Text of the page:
16th September 2001
Sports| Mirror Magazine
Rrrring..........as we say hello into that phone, surf the web, e-mail our friends around the globe or send that fax, we hardly give a thought to the immense power of communication. It's there at our fingertips at the touch of a button.
But in a beautiful house down Anderson Road, Havelock Town, a dedicated team is painstakingly collecting not only dust-laden papers and books but also antique equipment criss-crossed by cobwebs, to take Sri Lanka into the dim mists of the past.
Yes, soon, they will take us down the corridors of time, nay down the tangled wires of time, on a fascinating journey to an era long before the telephone. Then step-by-step, we will be shown how Sri Lanka came to be on the communication map of the world at the Telecom Museum to be opened in January next year.
Wooden phones used in the late 1980s
The idea to preserve for posterity the 'communication story' germinated 27 years ago. A suggestion is made by a senior telecom official about the setting up of a museum. The okay is given.
This museum will be the first and only technical one to be set up in the country so far and the team behind it is being guided by Telecom Director Christie Alwis.
When we visit Anderson Road, for us it is a step back in time. It's January 1858 and Ceylon is under British rule. The need for quick communication between Colombo and Galle, an important seaport connecting this tiny island to the world, takes priority.
The first telegraphic line covering 74 miles is drawn using coconut trees as poles and wooden brackets, instead of insulators, nailed to them. But it is not trouble-free, for the single exposed line has to contend with the full force of the monsoon, causing many an interruption. This results in posts and porcelain insulators being substituted. The needle-type instrument is the first link-up ever used in our country, even before Morse. "Tele means distance and telegraph means distance writing. With the first needle-point machine, a message would be tapped out at the transmission point and depending on the movement of the needle or the signal, it would be recorded by hand at the receiving end. Telephony which comes later is 'distance speech'," says team member and engineer K.A. Dharmadasa who is helped by Consultant Prabath Wijesekera.
In June of 1858, the Colombo-Kandy line is set up and in October the more ambitious plan of pulling a 250-mile line across the seas, connecting Colombo, Mannar and Talaimannar and providing direct telegraphic communications with India, for it is the Indian Government which controls such links.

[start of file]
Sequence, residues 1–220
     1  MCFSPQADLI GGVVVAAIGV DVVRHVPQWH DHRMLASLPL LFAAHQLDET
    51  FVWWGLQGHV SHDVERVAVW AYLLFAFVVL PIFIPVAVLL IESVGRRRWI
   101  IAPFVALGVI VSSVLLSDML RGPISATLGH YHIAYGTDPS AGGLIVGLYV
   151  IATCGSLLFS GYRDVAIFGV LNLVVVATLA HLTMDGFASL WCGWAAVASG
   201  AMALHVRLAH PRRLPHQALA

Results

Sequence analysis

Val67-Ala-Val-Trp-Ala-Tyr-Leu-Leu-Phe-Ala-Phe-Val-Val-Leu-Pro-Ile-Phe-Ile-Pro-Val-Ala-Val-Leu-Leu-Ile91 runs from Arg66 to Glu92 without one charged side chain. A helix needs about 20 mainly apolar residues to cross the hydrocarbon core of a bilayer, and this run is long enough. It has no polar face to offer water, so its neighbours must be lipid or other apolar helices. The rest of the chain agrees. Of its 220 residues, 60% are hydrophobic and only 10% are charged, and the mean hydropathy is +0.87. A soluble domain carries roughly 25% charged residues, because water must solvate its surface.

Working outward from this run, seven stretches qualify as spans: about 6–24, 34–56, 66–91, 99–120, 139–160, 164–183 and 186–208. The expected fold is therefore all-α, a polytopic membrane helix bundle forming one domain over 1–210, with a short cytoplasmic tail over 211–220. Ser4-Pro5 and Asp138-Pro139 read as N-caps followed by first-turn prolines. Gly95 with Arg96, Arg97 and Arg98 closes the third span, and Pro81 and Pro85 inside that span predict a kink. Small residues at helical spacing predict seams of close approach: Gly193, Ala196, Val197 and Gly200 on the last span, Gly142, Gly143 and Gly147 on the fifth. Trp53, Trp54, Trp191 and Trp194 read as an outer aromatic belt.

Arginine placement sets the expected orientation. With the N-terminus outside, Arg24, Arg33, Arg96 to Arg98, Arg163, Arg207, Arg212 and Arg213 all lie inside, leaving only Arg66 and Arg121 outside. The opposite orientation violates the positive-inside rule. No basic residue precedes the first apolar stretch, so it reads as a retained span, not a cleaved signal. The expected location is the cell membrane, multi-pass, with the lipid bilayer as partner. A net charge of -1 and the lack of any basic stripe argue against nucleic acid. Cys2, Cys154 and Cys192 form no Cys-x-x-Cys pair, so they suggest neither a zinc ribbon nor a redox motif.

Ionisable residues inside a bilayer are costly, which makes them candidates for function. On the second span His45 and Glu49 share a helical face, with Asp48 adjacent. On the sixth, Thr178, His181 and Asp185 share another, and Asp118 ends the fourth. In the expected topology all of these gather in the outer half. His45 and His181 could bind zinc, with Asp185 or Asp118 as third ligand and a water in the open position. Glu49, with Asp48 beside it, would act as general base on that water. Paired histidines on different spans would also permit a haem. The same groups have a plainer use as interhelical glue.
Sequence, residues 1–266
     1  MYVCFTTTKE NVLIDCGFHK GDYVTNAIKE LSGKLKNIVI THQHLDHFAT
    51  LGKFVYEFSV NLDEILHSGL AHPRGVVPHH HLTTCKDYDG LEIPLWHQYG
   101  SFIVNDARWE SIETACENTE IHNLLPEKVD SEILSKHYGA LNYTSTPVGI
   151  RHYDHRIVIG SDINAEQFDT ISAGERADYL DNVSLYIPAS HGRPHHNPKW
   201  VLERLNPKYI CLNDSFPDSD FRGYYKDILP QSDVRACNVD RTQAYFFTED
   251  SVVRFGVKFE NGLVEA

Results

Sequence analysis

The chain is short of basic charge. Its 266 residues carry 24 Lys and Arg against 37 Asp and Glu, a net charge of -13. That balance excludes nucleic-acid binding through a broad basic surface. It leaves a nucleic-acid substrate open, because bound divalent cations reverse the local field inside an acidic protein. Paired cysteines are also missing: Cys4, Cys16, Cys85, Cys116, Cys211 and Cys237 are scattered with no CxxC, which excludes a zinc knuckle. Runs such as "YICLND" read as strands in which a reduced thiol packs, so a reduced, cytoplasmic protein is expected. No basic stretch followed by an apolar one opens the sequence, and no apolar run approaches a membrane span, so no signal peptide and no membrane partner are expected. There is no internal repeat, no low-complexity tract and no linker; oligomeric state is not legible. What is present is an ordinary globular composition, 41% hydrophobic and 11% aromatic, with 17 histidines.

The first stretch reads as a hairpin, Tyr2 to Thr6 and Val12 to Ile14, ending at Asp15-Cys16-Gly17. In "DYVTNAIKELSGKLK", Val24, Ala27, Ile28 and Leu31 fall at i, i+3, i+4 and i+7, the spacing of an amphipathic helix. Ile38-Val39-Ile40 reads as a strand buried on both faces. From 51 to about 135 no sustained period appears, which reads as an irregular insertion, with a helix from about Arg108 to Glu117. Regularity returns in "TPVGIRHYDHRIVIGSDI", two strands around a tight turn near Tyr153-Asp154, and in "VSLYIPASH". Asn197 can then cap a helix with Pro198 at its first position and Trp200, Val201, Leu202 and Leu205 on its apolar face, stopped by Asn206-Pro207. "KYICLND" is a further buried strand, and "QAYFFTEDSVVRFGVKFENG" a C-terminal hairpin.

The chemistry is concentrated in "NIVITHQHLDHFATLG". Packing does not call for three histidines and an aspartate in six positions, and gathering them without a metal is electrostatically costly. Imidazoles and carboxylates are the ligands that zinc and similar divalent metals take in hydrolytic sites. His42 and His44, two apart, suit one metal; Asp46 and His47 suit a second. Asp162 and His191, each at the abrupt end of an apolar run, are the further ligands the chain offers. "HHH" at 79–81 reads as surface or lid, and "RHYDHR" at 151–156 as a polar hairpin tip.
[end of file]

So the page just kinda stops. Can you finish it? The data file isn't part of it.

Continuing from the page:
First automatic exchange with dial used in 1937
In July 1859, the early needle-type instrument is replaced by the Morse system of telegraph, involving two signals, a dot and a dash. The 1860s and 70s see the rapid extension of telegraph lines to Trincomalee, Nuwara Eliya, Jaffna, Badulla, Batticaloa and Panadura.
1865 is a significant year for Ceylon as on March 2, Colombo receives its first telegraphic message from Europe, and on August 19, Galle gets its first from New York.
May 17, 1865 is a red letter day for the world, when several countries with telegraphic facilities spanning the globe meet up to form the International Telegraph Union, the oldest international organisation and forerunner of the International Telecom Union (ITU). Even now May 17 is celebrated as World Telecom Day.
Back home in Ceylon, to further strengthen links with India, a new telegraphic cable, Hoppers' Care, is laid in January 1867. Narrating the arduous task of developing the communication network, Twentieth Century Impressions of Ceylon states: "At that time the interior of Ceylon was very little developed, and considerable difficulty was experienced in maintaining communication. Herds of wild elephants roaming the countryside knocked down the posts and broke the wires, and there were other mishaps due to the unsettled conditions then prevailing."
A landmark in this new baby's life comes when 1,653 miles of posts and 3,366 miles of wire, under the control of the Indian Government, are transferred to the Ceylon Government on July 1, 1880. With the amalgamation of the inextricably linked postal and telegraph services, Postmaster General T.F.B. Skinner becomes the first Director of Telegraph and the industry is firmly head-quartered in the imposing General Post Office (GPO) building in Fort.
1895 model-when the govt. took over from the Oriental Telephone Company